Many individuals in crisis use old coping mechanisms that have worked for them in the past. They may also imitate responses they have seen others use. Crisis intervention theory is an educational process taught to first responders and victim advocates to assist individuals in crisis. Successful application of crisis intervention protocols helps individuals learn new ways of coping with the challenges they are facing. Protocols focus on helping victims adapt successfully and survive. Very successful intervention helps them grow.
Crisis intervention is a humane effort to try and reduce the suffering of individuals experiencing a life-altering event. Health care providers, social workers, emergency responders and victim advocates are all professionals often educated in crisis intervention theory and protocols. Certain massive natural disasters such as earthquake and floods are easily recognised. But to an individual, the death of a much beloved pet can be equally devastating. Crisis intervention theory teaches the intervener the necessary skills to help people survive and eventually move past the devastating experience.
Intervention theory alerts those who are trained to recognise the immediate needs following a crisis or disaster. Physical safety is the first concern of crisis intervention. Parents will be concerned about the safety of their children and other family members. Once it has been determined that the individual is medically stable, it is then important to be sure she feels safe. Crisis intervention theory teaches professionals who work with victims to identify and monitor the multiple levels of safety required to successfully feel more secure.
Ventilation and Validation
Crisis intervention teaches that ventilation is a process that supports an individual's need to express his concerns. Listening and allowing him to tell his story is essential to helping him understand what he experienced. Crisis intervention theory supports the intervener in understanding the cultural difference in expression of reactions. A victim may be so devastated that he is unable to ventilate for months or years after the event. Crisis intervention training helps a caregiver recognise the communication and identify it as potentially related to a prior experience. Finally, it teaches non-judgemental listening to support the individual through the process of validating his feelings and experience.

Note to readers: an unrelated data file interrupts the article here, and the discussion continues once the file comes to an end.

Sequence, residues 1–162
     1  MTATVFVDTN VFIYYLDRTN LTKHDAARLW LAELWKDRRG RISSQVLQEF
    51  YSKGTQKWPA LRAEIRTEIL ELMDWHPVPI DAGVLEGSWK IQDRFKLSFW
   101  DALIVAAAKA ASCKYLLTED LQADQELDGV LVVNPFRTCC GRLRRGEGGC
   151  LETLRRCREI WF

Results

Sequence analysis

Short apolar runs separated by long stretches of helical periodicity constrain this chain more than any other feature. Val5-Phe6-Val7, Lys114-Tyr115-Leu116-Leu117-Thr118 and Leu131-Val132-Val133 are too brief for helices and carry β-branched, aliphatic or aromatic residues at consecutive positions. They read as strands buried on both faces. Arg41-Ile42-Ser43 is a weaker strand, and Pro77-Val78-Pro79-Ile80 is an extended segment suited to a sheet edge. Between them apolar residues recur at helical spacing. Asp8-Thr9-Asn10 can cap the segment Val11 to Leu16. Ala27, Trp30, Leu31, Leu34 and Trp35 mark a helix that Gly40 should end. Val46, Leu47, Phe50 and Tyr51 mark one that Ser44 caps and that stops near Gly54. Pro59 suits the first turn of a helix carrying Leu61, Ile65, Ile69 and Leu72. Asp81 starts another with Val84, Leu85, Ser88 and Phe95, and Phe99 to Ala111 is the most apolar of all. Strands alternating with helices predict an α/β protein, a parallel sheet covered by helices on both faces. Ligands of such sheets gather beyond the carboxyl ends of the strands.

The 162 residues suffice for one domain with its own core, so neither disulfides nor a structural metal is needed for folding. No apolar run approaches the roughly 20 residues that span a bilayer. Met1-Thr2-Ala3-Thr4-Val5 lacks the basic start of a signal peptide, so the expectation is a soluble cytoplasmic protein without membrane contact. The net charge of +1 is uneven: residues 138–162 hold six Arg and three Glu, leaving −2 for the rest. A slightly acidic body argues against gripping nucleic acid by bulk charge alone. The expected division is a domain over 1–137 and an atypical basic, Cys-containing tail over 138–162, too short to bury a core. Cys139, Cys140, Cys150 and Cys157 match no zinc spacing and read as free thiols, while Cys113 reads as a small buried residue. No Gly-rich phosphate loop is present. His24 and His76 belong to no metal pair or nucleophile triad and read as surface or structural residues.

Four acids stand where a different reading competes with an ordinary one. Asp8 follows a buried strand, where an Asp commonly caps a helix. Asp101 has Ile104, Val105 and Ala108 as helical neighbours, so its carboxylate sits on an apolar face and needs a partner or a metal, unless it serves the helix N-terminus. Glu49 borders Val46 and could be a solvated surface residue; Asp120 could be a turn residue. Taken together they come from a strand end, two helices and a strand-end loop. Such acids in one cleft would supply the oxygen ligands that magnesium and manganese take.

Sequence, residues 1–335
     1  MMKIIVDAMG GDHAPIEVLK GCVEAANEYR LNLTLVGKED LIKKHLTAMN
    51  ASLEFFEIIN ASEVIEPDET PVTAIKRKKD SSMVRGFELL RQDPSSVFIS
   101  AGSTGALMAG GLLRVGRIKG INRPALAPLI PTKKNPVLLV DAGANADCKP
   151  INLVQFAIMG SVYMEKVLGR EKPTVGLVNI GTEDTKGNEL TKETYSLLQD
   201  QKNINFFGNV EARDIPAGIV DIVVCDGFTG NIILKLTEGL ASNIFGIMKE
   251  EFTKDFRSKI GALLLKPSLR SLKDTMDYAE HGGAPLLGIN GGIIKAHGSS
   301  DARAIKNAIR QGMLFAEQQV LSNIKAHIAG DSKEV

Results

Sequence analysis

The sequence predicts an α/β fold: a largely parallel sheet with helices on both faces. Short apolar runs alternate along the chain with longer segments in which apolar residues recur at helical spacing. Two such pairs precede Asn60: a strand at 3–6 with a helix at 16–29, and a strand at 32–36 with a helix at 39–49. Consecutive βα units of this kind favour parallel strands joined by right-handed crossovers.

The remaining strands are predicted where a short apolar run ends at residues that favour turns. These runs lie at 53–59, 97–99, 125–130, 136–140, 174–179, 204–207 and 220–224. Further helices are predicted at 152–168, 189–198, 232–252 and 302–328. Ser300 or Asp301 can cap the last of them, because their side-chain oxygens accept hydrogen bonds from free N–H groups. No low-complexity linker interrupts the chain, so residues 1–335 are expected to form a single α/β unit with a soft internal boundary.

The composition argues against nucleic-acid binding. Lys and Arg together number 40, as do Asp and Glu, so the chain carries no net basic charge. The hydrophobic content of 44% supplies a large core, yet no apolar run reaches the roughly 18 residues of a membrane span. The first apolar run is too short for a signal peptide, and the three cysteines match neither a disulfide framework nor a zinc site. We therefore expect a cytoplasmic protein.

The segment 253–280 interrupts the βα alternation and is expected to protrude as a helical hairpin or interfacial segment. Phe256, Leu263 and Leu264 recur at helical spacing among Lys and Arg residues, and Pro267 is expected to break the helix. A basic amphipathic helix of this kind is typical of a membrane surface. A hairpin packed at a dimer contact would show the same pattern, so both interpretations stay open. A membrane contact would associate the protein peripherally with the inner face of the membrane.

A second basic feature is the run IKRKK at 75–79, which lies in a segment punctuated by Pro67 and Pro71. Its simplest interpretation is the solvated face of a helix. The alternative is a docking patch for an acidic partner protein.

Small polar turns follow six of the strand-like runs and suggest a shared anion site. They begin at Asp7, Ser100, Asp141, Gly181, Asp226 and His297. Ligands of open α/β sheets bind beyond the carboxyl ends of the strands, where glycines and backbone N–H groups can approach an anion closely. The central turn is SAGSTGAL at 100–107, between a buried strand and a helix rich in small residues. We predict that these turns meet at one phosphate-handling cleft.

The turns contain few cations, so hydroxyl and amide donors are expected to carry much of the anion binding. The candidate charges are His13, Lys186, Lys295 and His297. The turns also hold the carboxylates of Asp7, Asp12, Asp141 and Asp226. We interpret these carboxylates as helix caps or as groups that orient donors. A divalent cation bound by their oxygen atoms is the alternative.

Training in crisis intervention theory recognises specific tested protocols that assist an individual to move through the contimium of emotions, physical and psychological needs in a manner that results in the best outcome. Training will help you recognise an individual's need to plan for the next hour, day, week and month. Knowing what to expect and how to predict the next steps helps those in need move forward. If you are a trained intervener you will be more than a sympathetic listener. You will be able to use specific protocols, skills and rescoures that can be mobilised to help an individual move successfully through a life-altering event.